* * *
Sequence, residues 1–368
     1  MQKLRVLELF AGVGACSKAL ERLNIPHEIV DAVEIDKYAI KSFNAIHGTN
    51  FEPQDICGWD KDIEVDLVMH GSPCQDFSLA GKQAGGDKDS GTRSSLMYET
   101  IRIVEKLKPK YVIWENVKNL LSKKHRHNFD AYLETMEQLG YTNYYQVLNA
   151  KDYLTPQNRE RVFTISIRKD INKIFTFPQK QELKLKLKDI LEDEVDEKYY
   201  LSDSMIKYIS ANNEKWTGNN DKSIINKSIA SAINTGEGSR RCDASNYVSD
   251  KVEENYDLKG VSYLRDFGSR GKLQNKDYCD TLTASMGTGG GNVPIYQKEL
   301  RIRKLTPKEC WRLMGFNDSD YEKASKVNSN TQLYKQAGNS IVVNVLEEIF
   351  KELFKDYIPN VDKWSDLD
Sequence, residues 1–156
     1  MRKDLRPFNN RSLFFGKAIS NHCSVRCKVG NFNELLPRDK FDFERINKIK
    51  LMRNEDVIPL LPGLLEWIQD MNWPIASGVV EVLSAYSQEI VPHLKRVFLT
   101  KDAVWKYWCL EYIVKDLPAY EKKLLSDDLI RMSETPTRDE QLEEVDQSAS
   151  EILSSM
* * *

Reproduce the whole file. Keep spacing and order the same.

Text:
Sequence, residues 1–368
     1  MQKLRVLELF AGVGACSKAL ERLNIPHEIV DAVEIDKYAI KSFNAIHGTN
    51  FEPQDICGWD KDIEVDLVMH GSPCQDFSLA GKQAGGDKDS GTRSSLMYET
   101  IRIVEKLKPK YVIWENVKNL LSKKHRHNFD AYLETMEQLG YTNYYQVLNA
   151  KDYLTPQNRE RVFTISIRKD INKIFTFPQK QELKLKLKDI LEDEVDEKYY
   201  LSDSMIKYIS ANNEKWTGNN DKSIINKSIA SAINTGEGSR RCDASNYVSD
   251  KVEENYDLKG VSYLRDFGSR GKLQNKDYCD TLTASMGTGG GNVPIYQKEL
   301  RIRKLTPKEC WRLMGFNDSD YEKASKVNSN TQLYKQAGNS IVVNVLEEIF
   351  KELFKDYIPN VDKWSDLD
Sequence, residues 1–156
     1  MRKDLRPFNN RSLFFGKAIS NHCSVRCKVG NFNELLPRDK FDFERINKIK
    51  LMRNEDVIPL LPGLLEWIQD MNWPIASGVV EVLSAYSQEI VPHLKRVFLT
   101  KDAVWKYWCL EYIVKDLPAY EKKLLSDDLI RMSETPTRDE QLEEVDQSAS
   151  EILSSM